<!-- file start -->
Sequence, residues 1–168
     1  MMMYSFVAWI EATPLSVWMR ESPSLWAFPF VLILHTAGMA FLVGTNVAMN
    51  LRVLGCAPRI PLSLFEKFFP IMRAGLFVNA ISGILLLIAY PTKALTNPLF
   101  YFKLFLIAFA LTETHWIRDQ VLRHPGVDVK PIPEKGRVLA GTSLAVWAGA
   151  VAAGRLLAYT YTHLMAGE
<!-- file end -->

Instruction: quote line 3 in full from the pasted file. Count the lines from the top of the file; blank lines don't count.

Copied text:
    51  LRVLGCAPRI PLSLFEKFFP IMRAGLFVNA ISGILLLIAY PTKALTNPLF